Election 2019: Nelson leads Tibbott for mayor in early returns; Buckshnis, Olson, Johnson and Paine ahead in council races

Mike Nelson speaks to supporters at Salt & Iron after initial votes are announced. (Photo by Larry Vogel)

Edmonds City Councilmember Mike Nelson had a 279-vote lead over fellow Councilmember Neil Tibbott in the race for Edmonds mayor, according to day one of general election results released Tuesday night by the Snohomish County Elections Office.

The two current Edmonds city councilmembers are vying to replace two-term Edmonds Mayor Dave Earling, who is not seeking re-election.

Nelson received 52% of the votes released Tuesday — a total of 3,549 — compared to 48% (3,270 votes) for Tibbott.

Mike Nelson with wife Erica. (Photo by Larry Vogel)

In a gathering with family, friends and supporters at downtown Edmonds’ Salt & Iron, Nelson thanked everyone who helped his campaign, but especially “the love of my life” — wife Erica, along with his campaign manager Heather Damron. He also thanked fellow Edmonds City Councilmember Adrienne Fraley-Monillas “for her steadfast support.”

“I am so excited to serve as your next mayor,” Nelson said. “Thank you for your support, and thank you for joining with me on this journey together to brighter days ahead.”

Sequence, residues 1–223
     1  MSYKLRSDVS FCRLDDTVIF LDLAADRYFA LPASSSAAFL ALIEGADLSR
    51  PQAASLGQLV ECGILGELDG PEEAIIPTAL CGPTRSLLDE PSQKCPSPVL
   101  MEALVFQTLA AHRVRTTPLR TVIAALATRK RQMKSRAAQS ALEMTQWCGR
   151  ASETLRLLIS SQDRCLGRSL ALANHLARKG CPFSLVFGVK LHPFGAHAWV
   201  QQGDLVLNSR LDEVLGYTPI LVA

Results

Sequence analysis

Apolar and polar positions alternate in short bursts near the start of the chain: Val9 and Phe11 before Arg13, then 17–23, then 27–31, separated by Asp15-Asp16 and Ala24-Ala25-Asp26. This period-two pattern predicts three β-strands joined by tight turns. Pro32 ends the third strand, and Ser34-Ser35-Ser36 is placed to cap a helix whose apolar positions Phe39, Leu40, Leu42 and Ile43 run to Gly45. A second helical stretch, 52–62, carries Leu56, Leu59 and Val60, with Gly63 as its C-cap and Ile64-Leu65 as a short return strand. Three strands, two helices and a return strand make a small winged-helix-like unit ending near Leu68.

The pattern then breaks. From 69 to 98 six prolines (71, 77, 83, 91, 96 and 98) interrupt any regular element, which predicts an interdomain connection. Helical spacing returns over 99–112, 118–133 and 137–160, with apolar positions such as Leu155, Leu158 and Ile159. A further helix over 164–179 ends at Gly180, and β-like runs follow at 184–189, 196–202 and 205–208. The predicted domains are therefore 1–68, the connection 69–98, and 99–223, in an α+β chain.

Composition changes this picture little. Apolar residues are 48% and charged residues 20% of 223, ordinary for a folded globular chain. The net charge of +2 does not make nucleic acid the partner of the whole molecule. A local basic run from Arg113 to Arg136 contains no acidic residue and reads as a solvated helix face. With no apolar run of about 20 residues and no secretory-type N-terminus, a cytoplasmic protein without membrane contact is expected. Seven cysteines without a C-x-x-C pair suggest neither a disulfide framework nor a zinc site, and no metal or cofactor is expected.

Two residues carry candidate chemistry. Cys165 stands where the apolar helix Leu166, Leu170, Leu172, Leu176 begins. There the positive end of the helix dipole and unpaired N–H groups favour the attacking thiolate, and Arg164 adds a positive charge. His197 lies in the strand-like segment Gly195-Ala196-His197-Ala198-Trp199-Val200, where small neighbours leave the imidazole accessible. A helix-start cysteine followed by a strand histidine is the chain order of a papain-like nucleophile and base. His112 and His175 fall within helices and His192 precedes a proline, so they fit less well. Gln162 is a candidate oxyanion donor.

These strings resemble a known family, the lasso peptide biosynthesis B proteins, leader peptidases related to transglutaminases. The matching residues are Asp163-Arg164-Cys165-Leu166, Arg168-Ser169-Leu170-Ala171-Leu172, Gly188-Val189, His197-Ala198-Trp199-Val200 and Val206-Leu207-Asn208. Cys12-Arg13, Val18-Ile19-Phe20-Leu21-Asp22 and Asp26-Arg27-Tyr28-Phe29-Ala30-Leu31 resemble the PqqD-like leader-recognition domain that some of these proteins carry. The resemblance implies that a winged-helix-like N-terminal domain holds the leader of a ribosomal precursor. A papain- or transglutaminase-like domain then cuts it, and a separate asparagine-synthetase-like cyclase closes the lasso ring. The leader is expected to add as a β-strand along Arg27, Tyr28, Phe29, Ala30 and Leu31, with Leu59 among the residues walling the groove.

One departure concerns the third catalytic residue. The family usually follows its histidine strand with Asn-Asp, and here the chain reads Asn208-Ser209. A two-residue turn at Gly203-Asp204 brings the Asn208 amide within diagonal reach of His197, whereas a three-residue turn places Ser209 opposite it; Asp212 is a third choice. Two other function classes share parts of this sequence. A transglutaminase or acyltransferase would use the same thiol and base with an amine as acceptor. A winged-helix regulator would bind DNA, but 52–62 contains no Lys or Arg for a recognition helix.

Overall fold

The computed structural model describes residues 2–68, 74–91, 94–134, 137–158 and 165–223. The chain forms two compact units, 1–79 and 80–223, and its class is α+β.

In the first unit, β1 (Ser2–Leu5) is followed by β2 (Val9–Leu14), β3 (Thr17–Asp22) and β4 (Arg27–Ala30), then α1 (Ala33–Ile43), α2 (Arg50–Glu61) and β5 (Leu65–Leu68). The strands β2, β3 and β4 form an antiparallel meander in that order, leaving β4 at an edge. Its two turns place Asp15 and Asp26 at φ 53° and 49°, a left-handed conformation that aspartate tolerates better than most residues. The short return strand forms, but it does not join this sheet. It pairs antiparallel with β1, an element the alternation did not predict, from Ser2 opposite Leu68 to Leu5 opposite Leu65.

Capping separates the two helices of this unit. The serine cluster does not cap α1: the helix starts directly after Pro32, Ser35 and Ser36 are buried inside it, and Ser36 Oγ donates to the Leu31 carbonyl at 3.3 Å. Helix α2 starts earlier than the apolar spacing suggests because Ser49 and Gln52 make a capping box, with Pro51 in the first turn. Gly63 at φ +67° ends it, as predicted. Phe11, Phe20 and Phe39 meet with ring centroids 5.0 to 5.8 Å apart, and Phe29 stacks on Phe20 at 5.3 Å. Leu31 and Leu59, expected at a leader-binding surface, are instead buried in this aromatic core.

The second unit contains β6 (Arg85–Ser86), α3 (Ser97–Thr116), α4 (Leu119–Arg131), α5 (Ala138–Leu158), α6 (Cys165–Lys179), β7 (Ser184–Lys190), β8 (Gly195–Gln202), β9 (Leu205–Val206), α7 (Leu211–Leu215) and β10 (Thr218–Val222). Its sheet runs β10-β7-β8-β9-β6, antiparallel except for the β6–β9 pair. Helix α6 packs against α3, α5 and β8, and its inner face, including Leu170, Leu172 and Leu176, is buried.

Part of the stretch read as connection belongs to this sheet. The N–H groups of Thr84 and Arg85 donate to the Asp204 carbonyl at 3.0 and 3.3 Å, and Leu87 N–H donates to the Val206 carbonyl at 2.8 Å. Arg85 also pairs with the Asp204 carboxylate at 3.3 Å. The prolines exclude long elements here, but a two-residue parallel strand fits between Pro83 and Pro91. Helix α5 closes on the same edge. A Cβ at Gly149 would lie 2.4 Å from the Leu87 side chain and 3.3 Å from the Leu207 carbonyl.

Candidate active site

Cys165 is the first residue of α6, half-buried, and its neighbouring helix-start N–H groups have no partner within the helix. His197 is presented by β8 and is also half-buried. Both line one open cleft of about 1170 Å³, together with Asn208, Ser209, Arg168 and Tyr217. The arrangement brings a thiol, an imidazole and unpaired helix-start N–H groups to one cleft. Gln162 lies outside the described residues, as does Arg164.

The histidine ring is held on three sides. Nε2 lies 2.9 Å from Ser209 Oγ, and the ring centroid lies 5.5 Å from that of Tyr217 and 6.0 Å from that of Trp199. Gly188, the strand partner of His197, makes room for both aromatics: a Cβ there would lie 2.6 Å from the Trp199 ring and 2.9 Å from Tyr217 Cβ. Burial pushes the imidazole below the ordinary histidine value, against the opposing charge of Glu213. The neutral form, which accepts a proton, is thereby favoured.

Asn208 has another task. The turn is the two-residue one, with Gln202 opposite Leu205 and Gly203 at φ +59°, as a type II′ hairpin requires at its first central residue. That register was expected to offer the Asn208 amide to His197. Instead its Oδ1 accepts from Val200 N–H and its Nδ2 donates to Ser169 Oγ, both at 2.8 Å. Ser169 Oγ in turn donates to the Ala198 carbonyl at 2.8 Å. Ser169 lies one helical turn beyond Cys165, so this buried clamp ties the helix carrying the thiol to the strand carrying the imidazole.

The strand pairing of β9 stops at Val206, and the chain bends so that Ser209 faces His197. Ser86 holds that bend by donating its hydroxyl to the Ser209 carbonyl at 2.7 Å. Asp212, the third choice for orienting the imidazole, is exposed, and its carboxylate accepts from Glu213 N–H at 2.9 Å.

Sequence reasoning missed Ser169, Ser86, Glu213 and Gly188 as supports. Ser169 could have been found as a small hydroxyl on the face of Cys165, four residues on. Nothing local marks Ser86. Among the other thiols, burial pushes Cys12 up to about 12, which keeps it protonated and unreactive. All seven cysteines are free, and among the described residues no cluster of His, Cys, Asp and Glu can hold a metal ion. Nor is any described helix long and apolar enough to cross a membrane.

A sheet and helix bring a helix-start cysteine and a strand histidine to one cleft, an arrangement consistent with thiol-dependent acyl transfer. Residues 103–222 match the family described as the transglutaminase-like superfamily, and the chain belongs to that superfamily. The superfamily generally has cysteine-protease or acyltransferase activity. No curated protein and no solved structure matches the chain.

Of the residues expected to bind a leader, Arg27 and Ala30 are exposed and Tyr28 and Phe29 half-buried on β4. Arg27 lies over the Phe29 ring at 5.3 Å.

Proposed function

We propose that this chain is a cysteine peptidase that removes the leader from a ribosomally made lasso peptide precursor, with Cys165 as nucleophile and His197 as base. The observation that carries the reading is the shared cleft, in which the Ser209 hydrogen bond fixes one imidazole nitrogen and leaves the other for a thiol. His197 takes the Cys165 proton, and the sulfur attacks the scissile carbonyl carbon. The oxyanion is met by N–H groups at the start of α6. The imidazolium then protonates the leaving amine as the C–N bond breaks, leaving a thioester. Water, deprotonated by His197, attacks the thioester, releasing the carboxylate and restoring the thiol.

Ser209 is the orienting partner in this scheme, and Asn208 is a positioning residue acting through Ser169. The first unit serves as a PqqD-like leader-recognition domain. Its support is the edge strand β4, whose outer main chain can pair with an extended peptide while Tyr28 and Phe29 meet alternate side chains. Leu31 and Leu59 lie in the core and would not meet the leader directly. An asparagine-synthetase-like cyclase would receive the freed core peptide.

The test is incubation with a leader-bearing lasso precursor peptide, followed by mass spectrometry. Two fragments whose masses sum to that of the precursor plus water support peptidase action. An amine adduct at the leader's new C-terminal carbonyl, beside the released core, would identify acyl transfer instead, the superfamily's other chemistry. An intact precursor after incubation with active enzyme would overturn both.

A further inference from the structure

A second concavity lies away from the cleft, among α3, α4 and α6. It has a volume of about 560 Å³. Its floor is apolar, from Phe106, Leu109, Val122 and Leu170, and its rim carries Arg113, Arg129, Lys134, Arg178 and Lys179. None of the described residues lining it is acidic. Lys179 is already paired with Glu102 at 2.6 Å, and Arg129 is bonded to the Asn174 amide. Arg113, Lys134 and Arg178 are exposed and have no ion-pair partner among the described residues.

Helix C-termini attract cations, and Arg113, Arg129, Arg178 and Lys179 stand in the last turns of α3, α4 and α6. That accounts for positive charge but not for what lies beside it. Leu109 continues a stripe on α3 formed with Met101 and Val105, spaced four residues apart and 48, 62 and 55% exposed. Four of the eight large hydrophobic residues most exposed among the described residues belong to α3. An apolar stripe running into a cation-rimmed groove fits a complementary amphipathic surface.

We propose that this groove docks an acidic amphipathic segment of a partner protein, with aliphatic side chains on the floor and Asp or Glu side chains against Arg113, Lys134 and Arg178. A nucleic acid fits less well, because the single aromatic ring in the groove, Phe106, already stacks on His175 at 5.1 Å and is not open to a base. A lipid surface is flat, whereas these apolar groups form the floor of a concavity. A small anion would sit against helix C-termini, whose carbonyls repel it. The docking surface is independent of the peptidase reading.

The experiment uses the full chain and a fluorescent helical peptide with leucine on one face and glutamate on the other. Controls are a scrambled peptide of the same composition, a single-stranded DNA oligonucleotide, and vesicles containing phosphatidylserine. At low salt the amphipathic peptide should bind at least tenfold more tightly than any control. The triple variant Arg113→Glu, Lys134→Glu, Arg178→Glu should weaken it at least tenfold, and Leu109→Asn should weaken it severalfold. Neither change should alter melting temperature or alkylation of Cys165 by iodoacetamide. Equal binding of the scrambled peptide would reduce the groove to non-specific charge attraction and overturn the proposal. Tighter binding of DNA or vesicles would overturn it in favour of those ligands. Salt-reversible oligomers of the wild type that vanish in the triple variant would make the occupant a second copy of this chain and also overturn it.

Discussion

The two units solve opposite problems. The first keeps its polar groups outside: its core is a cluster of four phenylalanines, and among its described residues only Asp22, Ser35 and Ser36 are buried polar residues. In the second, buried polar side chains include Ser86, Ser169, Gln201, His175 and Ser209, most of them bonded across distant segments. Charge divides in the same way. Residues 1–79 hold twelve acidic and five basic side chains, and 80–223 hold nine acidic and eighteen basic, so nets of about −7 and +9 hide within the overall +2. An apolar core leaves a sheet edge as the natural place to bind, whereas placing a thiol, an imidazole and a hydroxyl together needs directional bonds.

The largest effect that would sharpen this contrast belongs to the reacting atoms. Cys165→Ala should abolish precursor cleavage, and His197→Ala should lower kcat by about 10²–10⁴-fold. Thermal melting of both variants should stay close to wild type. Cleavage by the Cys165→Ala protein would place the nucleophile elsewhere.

Nelson is the executive director of the Service Employees International Union Washington State Council. He has served on the council since being appointed in 2015 to replace Strom Peterson, when Peterson was elected to the Washington State Legislature to represent the 21st District. Nelson was then elected to the council position in 2015 and re-elected in 2017. He has the endorsement of Peterson and fellow 21st District Rep. Lillian Ortiz-Self, along with 32nd District State Reps. Cindy Ryu and Lauren Davis and Snohomish County Democrats. His campaign has focused on a range of accomplishments during his time on the city council, including support for safe gun storage laws, rejection of cuts to fire station staffing, establishment of a Youth Commission and Edmonds’ first wheelchair-accessible playground, a commitment to environmental protection, and his opposition to the now-defunct Waterfront Connector project.

Neil Tibbott with his wife Margaret, dad Dean and mom Anne at Cafe Louvre. (Photo by Julia Wiese)

Tibbott, who gathered with about 100 supporters at downtown Edmonds’ Cafe Louvre Tuesday night, said he looks forward to seeing what the results show on Wednesday. Running for mayor, he added, has been a “humbling” experience. “So many people contributed so much,” he said. “To be a candidate in the city of Edmonds is really great.”

Tibbott supporters gather at Cafe Louvre. (Photo by Julia Wiese)